RELEASE DATE: 28th April 2017
RECORD COMPANY: Grimoire Records
From Baltimore in the USA comes the deep humming roar of Alter, whose core sound consists of the delicate layering of everything cold and aesthetically pleasing: alt-rock, post-rock, ambient music, shoegaze and even some sort of wild and loud dream pop thrown in there for good measure. Pendulum consists of six dense and spacious tracks laced with reverberating echo and drowned out vocals; offering the sound of envelopment to listeners in the form of some kind of snow drenched village off in the middle of nowhere. For some it will be a sluggish slog through the at times thick and murky waters of alternatively loud guitar music that Alter push forth from their instruments; for others the flood of noise and the hushed echoes of the vocals will provide some kind of beauty through the snowstorm of sound; for your sakes I hope it’s the latter. 'Pendulum' was released via the Baltimore based independent record label 'Grimoire Records' back on the 28th April 2017 and it is available to buy/download right now from grimoirerecords.bandcamp.com
Pendulum by Alter
'Pendulum' opens with ‘False Mirror’ a brilliantly heavy track with subtle hints of post-punk in there for good measure. The beginning of the song makes one immediately think of the quiet, slight post-rock music that they’re about to hear; that is until the churning, loud guitars and cymbal heavy drums arrive into the mix. From there the most intriguing element of the song comes in; the vocals… sporting the aforementioned touch of post-punk. The vocals remain deeply layered under the walls of noise, but unlike the much rehashed shoegaze production technique that many of us are already familiar with, Alter’s vocals sit in a higher register; offering up an almost contrast to the music and the sound on the song. ‘False Mirror’ pans out into a cymbal lead breakdown before turning full circle back within itself. ‘Momentary’ offers up a similar slow beat that concluded ‘False Mirror’ except with a more obvious touch of post-rock evident in both the song writing and the mixing. The dynamics alter awkwardly throughout ‘Momentary’, especially the galloping drums on the second half of the track, but it seems to be the most 'by the book' that the band play it; although it still holds the same beauty as the other tracks around it.
Following on, the band turn in one of the EP’s best and most moving songs; its title track. The slow, drum and guitar combination roll slowly in the background of a fantastically harmonious vocal performances; even when the song moves back into borderline noise-gaze anthemic guitar, the catchy and dark alt-rock stlye chord progression stays along; forming the song into a complete package of heavy and emotive beauty. Special love and interest should be given to the songs second half, after the slight silent break, where the bands and instrumentation becomes even more extensive than before. ‘Inner Eclipse’, while at the start sounding like the heaviest the band will go, turns out actually to be a brilliantly weird, almost math rock based charge of cymbals and thick reverbed guitars. Bouncing back and forth between walls of sound lead by the bass and guitar, and the more groove orientated riffs that lead into the songs heavier sections, the vocals hold everything together again… Except this time they are much clearer. All these elements mix together to create a fantastic blend of post-rock/shoegaze amplification.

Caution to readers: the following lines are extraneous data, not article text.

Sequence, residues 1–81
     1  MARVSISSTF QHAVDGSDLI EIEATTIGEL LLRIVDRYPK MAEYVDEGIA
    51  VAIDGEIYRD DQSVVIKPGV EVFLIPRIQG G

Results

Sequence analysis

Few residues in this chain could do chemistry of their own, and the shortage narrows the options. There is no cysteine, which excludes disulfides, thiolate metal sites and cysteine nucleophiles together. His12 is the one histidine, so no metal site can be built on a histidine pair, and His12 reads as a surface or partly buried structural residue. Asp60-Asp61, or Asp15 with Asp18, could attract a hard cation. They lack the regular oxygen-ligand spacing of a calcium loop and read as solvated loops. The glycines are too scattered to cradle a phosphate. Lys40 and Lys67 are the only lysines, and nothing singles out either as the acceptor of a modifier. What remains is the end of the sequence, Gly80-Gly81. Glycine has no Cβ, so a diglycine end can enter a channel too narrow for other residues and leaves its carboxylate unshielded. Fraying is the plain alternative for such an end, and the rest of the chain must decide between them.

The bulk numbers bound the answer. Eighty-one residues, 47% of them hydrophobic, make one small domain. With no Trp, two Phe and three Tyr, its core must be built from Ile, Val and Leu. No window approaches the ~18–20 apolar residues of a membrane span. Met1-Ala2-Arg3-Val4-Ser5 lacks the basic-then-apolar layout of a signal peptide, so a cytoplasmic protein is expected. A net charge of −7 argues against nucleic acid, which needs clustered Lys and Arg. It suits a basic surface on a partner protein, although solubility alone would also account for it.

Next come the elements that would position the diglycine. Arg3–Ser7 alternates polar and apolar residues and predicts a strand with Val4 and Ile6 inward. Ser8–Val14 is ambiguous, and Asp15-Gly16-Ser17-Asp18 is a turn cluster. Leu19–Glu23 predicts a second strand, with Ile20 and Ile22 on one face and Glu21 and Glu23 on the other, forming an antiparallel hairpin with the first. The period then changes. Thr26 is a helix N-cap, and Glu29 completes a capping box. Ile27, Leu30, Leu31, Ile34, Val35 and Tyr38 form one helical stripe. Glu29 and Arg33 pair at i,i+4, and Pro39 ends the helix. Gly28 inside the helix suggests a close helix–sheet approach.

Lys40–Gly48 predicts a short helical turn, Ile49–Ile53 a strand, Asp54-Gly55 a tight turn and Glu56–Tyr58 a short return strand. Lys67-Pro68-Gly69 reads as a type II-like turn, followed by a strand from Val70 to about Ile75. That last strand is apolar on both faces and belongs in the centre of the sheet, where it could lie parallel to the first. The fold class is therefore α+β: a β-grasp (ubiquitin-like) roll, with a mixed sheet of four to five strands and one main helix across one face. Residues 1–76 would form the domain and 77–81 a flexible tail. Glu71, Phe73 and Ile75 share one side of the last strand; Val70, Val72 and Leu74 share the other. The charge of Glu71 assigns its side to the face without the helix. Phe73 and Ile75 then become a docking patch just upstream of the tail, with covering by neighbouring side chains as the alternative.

‘The Storm’ is also a definite EP highlight; its downtrodden and icy sound connects the sounds and styles of the title track with the previous and more formless ‘Inner Eclipse’ to create a piece more melodic and drawn out. Of all the heavy, weighty tracks on the EP, ‘Lost Instinct’ offers up the substantial size of feedback laden reverb and soundscapes for the listener to hear. It begins with borderline droning guitars and drums, backed up by the soundscaped noises of guitar feedback and, eventually, the wavering and floating vocals that have played such a pivotal role on other tracks throughout the EP. The wild, open feedback ridden landscapes of Pendulum make it difficult to say whether everybody would be a fan. But for those who appreciate the kind of melodic heaviness that can only really fit comfortably with post-rock and ambient texturings; then the EP is for you. Alter shine greatly when they display their strengths wisely; those being their attitude toward filling up the entire canvas with noise, the dynamics of sound in context with the instrumentation, the smart mixing and production, and perhaps most importantly; the vocals. Thankfully for almost the entire EP, the band do in fact display their strengths wisely offering a sonic piece of noise meditation, created through production, performance and sound.
ABOUT THE AUTHOR:
Cam Phillips is a writer and above all, a music lover, who seeks to gain experience through writing and listening. He is also an avid film viewer and art and literature junkie who enjoys creative writing. His most recent published work was featured on Baeble Music and Culture (USA), Sounds and Colours Magazine (Latin America, London), Easterndaze (Latvia) and the Australian based heavy music blog I Probably Hate Your Band.
by Primal Music